ADVERTISEMENT

ADVERTISEMENT

Finger-lickin' good foods

I've always been a big fan of finger food. Give me chips and salsa (or dip), a bowl of nuts or a plateful of assorted cheeses -- and I'm a happy camper.

Jeff Tiedeman
Jeff Tiedeman

I've always been a big fan of finger food. Give me chips and salsa (or dip), a bowl of nuts or a plateful of assorted cheeses -- and I'm a happy camper.

The thing about finger food is that there are thousands of kinds. They've become synonymous with parties. Foods such as popcorn, peanuts, cocktail wieners, tiny meatballs, bacon wraps, stuffed jalapenos, just to name a few, are some of the finger foods you might find at a get-together.

And how about those miniburgers, called sliders, which have become so popular these days?

What I like the most about finger foods is that you usually don't feel stuffed after eating them.

It's not that I don't like full-blown meals that require the use of silverware. But I'm a grazer, and grazers like convenience and frequency. And that's what finger foods offer.

ADVERTISEMENT

Therese can attest to my penchant for grazing. She will tell you that one of my favorite things to do is watch television in the kitchen while preparing meals. And in between chopping veggies or cutting up meat or searching for herbs and spices, she'll say that I like to visit the refrigerator, for a piece of fruit, a chunk of cheese, a drink of milk; or the cupboard, where the bran crackers, dark chocolate or pineapple slices reside; or the drawer, which contains the chips, peanuts and licorice.

I'm not constantly eating, mind you; but it's not unusual for me to have a half-dozen or so snacks over the course of three or four hours. (In my defense, most of those snacks are healthy, perhaps more than half of it fruit.)

And from what I've read about snacking, it's OK. Studies have shown that people who eat six small meats a day (some would call that snacking) have lower levels of LDL cholesterol than those who consumer one or two big meals a day.

The other day, while blogging about beef and pork kebabs with veggies (see these tasty recipes at www.areavoices.com/chefjeff/ ), I started thinking about cooking chicken on the grill.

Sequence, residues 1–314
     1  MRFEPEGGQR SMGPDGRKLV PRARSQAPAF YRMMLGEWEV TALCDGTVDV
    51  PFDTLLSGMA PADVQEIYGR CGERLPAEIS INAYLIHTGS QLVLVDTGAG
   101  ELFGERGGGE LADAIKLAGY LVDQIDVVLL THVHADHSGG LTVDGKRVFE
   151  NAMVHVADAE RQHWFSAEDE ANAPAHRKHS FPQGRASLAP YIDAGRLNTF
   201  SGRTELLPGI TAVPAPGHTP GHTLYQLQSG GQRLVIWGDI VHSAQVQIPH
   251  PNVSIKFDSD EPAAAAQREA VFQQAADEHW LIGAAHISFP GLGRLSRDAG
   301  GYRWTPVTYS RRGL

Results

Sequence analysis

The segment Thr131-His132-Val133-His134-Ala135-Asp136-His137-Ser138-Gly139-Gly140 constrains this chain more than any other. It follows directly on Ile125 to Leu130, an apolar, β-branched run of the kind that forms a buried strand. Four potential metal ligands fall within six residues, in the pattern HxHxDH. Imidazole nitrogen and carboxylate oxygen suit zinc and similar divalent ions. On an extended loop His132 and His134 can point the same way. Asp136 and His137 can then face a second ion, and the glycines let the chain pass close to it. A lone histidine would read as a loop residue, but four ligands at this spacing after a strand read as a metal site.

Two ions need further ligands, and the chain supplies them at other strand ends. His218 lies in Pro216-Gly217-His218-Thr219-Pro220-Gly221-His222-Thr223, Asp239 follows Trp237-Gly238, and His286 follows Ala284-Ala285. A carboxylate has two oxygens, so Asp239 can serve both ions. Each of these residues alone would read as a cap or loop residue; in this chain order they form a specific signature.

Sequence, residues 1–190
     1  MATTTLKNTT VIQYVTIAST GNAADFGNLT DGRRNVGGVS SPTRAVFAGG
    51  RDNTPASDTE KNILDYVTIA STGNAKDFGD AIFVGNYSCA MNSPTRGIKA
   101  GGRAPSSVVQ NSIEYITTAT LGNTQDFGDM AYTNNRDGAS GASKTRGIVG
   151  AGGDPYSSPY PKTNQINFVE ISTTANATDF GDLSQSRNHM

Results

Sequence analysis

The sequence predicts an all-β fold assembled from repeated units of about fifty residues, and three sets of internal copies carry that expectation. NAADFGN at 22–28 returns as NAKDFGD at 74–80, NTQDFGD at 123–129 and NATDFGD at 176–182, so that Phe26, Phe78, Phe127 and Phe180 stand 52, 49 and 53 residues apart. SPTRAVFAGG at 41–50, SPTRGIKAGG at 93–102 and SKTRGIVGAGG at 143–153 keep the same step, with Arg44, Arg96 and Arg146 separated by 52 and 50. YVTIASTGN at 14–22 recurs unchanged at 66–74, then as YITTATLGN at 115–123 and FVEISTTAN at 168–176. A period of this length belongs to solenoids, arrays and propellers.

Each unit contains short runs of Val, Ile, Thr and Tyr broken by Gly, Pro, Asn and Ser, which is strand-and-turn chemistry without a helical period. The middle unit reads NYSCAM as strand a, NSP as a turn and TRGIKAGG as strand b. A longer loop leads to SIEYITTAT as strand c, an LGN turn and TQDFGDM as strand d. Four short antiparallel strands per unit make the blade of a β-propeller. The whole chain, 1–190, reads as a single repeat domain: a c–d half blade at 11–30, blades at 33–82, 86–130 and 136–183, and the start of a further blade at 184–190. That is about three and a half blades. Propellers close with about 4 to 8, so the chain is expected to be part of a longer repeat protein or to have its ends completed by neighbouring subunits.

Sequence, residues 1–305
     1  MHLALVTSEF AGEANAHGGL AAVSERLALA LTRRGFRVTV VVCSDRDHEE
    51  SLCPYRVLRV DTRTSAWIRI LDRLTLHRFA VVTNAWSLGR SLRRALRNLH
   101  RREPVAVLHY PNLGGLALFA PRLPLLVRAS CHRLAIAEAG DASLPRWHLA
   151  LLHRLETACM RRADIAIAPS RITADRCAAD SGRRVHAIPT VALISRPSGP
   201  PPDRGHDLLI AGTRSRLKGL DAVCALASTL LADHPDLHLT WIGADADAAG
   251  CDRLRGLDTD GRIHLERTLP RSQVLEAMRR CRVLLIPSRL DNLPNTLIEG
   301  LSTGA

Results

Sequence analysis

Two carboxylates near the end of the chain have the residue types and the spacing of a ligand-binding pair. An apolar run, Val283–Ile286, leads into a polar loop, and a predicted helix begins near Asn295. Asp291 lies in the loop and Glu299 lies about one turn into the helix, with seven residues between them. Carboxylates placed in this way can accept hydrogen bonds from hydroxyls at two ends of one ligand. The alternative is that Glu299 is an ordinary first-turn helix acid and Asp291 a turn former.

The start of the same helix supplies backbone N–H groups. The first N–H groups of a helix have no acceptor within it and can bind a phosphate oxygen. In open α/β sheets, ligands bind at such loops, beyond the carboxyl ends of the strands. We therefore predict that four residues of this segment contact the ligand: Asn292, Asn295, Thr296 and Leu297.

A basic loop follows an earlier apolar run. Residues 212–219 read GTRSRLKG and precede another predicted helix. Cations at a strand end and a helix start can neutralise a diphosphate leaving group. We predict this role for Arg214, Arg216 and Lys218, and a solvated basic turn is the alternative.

To me, chicken is finger food. Even when I bake a regular or smoked chicken, most of it becomes finger food for me, either when it's the star of a meal or as a snack -- cold out of the refrigerator.

To put it bluntly, of all the ways I've had chicken, there aren't very many where utensils were needed. Sure, there are times when a fork and knife are required, but how many people do you know who need them when eating buffalo wings, drummies, chicken fingers -- even McDonald's Chicken McNuggets.

This gets me back to doing chicken on the grill. I've cooked a little bit of this type of fowl over flames (sometimes the beer-can method), but mostly it's been wild game birds such as pheasants, grouse and partridge, with the occasional dove thrown in. The meat usually has been marinated (see recipe at www.grandforksherald.com/event/tag/group/Features/tag/ food/) for at least a couple of hours, and in the case of the doves, it's been wrapped in bacon.

But what I'm really thinking about trying is a recipe that I've come across for barbecued chicken, which is soaked in a buttermilk brine to make it extra moist and tender and seasoned with Mexican spices.

ADVERTISEMENT

I'd like to let my fingers do the walking over that.

Tiedeman is food editor at the Herald. Reach him at 780-1136 or toll-free at (800) 477-6572, or e-mail at jtiedeman@gfherald.com .

Related Topics: AGRICULTUREFOODRECIPES
What To Read Next
Columnist Tammy Swift says certain foods have become so expensive and in-demand that they outshine the traditional Valentine's Day gifts like roses or jewelry. Bouquet of eggs, anyone?
This week, gardening columnist Don Kinzler fields questions about planting potatoes, rabbit-resistant shrubs, and how to prevent tomato blossom end rot.
Columnist Jessie Veeder shares her reflections on the passage of time during a recent stroll of her farmstead.
Trends include vegetable gardens in raised pods and a continuing surge in using native plants and grasses.